Buddhist Practice

Attention Affection Meditation

Attention, Affection, and Meditation

For the last two months on Thursday evenings I’ve been offering teachings on meditation.  These teachings have been loosely based on Pema Chodron’s brief, easy to read and highly understandable book called How to Meditate: A Practical Guide to Making Friends With Your Mind. I especially like Pema Chodron’s making friends with your mind approach to meditation. It’s so down-to-earth and real.

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Mind of Good-Will

Speak With A Mind Of Good-Will

Given my role as a Zen priest, if I do harm to another person these days that harm generally springs from either something I’ve said, or from how I’ve said it. Or, the harm might also arise from something I’ve left unsaid because I didn’t have the courage, compassion, or wisdom to say it when it could have made a beneficial difference.  For this reason, Right Speech is a central focuses in my practice. I try to be as absolutely harmless with my speech as I’m able.

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NOW

Now, the Best Teacher

What we’re learning in Buddhist practice, and in Buddhist meditation specifically, is to let go of our attachments and our aversions, our likes, dislikes, and biases so we can rest and relax in now. The pure potential of being in every moment is now. Fortunately, we have unrestricted access to now. That’s fortunate because now is the most instructive teacher we could ever have.

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Generosity Buddha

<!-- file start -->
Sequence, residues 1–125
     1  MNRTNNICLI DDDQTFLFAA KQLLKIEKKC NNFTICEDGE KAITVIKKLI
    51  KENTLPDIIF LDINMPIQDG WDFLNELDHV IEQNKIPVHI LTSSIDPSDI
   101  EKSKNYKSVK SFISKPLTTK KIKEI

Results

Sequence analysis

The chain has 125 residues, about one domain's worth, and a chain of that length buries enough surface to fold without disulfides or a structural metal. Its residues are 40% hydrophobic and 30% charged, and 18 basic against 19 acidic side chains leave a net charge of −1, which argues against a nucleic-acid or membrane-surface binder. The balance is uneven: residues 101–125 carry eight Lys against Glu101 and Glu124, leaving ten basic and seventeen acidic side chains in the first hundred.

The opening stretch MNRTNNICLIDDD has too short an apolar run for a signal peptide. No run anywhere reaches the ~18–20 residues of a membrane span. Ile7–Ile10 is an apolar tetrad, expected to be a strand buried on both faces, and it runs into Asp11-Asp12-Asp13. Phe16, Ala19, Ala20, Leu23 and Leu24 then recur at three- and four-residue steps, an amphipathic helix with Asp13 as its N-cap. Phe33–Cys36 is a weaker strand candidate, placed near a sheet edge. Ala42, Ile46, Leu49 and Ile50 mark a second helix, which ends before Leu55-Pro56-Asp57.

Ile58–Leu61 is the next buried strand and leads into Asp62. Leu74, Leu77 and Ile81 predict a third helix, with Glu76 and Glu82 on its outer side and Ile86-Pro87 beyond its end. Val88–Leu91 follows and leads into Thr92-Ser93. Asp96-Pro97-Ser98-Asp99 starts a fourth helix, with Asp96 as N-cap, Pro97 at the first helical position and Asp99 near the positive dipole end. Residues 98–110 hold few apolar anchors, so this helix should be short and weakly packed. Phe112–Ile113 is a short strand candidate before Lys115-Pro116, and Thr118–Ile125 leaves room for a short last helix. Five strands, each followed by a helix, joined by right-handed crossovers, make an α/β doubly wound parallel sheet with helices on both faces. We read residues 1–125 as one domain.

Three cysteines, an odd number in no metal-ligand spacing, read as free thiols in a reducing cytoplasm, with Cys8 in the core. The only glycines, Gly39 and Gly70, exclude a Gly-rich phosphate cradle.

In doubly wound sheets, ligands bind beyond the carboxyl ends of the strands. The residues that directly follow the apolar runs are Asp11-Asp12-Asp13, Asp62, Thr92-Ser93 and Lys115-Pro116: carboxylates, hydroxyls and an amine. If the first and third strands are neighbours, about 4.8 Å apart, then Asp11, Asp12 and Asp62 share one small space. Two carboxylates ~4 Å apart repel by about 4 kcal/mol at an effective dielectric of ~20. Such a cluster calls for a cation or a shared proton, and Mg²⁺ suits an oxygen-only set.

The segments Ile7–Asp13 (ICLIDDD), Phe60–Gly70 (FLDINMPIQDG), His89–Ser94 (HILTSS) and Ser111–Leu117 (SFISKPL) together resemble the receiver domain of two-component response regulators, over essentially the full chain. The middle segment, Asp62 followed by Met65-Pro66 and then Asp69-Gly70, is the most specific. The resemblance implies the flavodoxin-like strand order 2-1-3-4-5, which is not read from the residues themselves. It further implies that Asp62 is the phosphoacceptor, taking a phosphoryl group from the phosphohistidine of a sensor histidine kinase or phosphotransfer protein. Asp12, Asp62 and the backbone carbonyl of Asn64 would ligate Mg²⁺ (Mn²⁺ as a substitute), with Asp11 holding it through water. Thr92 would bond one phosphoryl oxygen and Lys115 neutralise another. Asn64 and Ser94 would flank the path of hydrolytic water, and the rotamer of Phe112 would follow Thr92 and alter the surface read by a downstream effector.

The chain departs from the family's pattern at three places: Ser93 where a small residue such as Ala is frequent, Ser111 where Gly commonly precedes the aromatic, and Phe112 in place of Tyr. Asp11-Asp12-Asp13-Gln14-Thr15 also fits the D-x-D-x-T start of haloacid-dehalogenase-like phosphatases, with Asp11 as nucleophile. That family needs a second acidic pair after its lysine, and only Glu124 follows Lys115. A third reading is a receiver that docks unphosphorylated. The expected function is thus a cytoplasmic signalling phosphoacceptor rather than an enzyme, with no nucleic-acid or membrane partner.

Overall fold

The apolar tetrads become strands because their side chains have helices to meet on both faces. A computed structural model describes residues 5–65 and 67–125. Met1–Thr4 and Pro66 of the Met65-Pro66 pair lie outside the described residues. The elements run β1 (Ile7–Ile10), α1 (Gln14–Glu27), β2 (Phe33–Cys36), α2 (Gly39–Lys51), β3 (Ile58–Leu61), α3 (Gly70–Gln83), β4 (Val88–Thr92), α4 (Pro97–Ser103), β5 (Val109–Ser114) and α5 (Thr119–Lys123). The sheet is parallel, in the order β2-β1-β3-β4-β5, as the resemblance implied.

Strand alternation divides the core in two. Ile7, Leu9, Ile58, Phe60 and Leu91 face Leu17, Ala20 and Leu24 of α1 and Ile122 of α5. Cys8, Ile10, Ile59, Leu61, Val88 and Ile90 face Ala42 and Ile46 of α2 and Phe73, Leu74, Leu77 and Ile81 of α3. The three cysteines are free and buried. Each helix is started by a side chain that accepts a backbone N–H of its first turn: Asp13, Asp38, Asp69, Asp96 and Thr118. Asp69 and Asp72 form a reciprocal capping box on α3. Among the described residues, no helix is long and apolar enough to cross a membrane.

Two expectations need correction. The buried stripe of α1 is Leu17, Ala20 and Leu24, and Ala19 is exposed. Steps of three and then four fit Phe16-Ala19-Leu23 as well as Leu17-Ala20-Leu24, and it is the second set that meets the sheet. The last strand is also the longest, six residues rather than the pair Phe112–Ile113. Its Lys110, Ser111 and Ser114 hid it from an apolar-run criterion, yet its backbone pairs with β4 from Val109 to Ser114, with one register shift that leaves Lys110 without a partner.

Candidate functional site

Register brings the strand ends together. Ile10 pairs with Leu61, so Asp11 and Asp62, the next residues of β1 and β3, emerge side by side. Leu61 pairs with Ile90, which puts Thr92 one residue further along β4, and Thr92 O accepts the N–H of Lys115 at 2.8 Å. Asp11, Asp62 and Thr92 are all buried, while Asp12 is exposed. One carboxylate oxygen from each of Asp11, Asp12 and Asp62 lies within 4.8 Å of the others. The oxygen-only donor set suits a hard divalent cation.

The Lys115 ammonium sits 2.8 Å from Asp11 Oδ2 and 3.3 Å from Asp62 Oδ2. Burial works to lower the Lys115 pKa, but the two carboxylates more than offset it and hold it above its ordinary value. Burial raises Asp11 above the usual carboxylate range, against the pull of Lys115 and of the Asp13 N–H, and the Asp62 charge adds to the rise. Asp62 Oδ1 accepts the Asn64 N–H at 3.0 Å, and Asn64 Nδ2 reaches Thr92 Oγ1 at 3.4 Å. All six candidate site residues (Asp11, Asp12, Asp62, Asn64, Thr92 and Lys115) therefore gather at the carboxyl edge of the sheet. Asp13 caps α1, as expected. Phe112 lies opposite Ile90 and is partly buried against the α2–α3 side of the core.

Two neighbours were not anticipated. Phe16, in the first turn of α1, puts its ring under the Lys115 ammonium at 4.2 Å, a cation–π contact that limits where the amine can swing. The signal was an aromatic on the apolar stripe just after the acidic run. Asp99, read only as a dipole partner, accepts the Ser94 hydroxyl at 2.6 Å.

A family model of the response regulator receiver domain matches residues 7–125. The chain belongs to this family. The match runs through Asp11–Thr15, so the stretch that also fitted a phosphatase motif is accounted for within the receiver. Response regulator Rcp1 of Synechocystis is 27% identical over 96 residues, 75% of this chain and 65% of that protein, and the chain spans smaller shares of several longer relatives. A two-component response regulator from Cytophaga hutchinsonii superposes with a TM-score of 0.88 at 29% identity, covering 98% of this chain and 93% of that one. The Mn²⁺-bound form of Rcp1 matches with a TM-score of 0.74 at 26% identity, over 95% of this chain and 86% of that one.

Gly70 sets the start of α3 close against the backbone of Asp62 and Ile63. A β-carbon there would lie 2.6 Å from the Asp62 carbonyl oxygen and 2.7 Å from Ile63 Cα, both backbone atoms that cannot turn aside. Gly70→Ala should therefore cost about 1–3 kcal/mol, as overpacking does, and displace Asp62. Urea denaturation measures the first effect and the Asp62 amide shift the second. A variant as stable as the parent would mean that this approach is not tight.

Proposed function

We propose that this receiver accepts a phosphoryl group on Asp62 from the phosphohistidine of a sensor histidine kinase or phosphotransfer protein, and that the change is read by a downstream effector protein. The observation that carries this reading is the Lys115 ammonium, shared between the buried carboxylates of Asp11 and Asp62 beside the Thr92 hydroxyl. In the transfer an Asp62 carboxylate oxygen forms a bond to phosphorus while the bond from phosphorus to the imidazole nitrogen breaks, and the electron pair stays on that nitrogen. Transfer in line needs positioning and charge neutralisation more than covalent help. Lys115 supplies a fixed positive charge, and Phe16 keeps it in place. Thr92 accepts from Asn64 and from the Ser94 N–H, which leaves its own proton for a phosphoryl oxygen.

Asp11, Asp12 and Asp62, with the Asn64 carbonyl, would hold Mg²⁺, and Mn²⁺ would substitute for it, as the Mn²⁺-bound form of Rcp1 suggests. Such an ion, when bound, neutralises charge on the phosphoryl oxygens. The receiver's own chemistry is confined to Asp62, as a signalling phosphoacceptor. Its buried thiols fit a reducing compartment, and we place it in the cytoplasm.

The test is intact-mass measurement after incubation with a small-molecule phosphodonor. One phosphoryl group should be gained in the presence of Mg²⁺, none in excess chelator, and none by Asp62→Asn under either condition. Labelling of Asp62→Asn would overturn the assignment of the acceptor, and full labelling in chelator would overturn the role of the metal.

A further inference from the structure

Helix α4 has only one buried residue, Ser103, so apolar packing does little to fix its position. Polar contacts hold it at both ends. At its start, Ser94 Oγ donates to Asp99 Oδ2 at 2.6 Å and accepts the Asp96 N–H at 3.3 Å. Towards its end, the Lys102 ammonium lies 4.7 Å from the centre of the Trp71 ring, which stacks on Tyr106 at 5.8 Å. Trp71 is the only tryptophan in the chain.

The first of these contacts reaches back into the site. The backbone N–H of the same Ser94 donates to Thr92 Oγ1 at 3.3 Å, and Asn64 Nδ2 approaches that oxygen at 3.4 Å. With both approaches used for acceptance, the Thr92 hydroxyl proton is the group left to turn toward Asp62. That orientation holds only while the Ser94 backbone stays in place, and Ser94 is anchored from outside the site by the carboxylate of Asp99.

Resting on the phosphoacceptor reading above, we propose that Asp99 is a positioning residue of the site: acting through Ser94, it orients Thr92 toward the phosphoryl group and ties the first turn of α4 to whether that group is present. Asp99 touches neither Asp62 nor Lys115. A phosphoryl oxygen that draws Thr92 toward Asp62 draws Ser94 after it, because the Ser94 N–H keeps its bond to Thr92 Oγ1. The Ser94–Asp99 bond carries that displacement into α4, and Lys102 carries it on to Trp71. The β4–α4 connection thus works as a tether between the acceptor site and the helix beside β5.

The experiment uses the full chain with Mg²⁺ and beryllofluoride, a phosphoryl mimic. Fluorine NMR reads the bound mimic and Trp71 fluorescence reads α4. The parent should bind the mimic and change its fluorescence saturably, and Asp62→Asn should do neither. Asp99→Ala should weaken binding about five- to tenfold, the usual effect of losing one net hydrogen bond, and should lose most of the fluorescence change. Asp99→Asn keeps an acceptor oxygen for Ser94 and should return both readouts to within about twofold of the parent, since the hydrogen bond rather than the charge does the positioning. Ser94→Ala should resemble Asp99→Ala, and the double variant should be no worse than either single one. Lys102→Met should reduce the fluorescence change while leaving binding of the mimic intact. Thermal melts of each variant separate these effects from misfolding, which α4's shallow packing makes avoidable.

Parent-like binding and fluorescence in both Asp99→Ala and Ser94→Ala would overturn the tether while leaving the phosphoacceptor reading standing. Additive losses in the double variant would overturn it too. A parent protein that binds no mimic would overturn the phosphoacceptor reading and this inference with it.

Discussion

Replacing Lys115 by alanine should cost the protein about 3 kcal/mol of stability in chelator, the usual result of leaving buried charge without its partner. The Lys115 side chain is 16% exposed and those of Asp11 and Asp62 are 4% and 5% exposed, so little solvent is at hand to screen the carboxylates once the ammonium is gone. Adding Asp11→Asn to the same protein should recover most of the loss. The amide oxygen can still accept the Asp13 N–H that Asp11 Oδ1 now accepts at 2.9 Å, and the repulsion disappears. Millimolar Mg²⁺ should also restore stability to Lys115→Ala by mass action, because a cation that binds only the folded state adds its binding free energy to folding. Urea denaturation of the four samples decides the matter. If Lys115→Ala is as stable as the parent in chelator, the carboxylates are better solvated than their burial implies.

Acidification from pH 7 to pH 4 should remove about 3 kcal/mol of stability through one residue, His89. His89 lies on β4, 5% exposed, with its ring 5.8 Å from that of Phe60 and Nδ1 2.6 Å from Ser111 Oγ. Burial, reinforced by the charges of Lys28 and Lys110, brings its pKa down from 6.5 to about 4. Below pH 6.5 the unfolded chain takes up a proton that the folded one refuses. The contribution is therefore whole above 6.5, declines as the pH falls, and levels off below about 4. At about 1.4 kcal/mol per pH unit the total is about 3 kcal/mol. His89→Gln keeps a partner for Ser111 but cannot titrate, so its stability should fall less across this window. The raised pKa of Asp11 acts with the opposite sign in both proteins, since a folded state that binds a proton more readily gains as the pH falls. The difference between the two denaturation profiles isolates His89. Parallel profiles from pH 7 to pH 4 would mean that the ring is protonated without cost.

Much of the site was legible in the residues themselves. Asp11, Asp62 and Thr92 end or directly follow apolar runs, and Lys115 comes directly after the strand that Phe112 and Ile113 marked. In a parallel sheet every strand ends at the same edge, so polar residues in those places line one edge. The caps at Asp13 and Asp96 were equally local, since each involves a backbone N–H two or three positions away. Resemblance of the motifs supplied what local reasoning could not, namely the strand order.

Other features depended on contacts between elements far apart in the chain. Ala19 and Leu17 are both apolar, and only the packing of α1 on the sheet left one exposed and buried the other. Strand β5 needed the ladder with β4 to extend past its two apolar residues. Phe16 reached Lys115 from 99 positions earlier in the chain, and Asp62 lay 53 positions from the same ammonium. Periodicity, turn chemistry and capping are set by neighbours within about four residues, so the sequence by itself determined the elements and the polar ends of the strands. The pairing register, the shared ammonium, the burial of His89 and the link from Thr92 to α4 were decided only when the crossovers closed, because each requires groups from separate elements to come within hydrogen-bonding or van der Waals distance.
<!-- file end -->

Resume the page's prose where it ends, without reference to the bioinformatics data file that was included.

Out of Compassion for the World

One out of one hundred Americans is currently behind bars. At our April 2018 meeting, the Sweeping Heart Zen Board voted unanimously to send ongoing financial support to the Prison Mindfulness Institute.  Support for PMI and its programs to relieve suffering is now part of Sweeping Heart Zen’s ongoing community service work.  At the present time then we’ve added our support for PMI to the monthly support we provide to The Grace Center and Action, Inc. in Gloucester.

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Cherry Blossoms

“Buddhism… Schmuddhism,” Just Wake Up!

Okay, I love the point, so I borrowed the “Buddhism Schmuddhism,” thing from Lama Surya Das.  His point?  The point?  Don’t bother becoming a Buddhist, or becoming  anything at all, for that matter.  Just wake up to the way things are now, to the way you are now.  Wake up to your life. Grow your inner goodness. Be the wide open knowing at your center.  Fall in love with and share your gifts.  Live who you truly are. Not tomorrow, not last week, live right now.

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It's Enough

Awakened Action and Letting Go

Though I was thirteen when the song Me and Bobby McGee came out, as I listened to Janice Joplin sing, “Freedom’s just another word for nothing left to lose…” those words touched my heart and blew my mind and I still love that lyric to this day. Then I loved the rebelliousness of the lyric.  Now I feel and think that having “nothing left to lose” is just another way to say “Awakened.”  And those who have nothing left to lose are capable of what we need more of today, which is Awakened Action.

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fearless-girl-bull

Mindfulness, Turning Fear and Unpleasantness into Fluency

Diane Constantino is a member of the Sweeping Heart Zen sangha and a fluency specialist at The Center for Stuttering Therapy at Boston University.  In her inaugural  guest post here at sweepingheartzen.org, Diane writes about how she and her profession use mindfulness-based therapies to help people who stutter free themselves from the clutches of “shenpa.”  What’s shenpa?  Most of us face some version of it everyday.  Diane skillfully fills us in on the nuts and bolts of mindfulness and shenpa below.

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Spring Rain Renewal Meditation

Spring Rain, Renewal, And Meditation

One of the things we’re learning in meditation is to  live in the always present, unspeakably spontaneous, unpredictable liveliness of each moment.  After our early morning meditation at Sweeping Heart Zen we chant “May the mind flower bloom in eternal spring.”  That is, we remind ourselves that human beings can touch the eternal spring in each moment.

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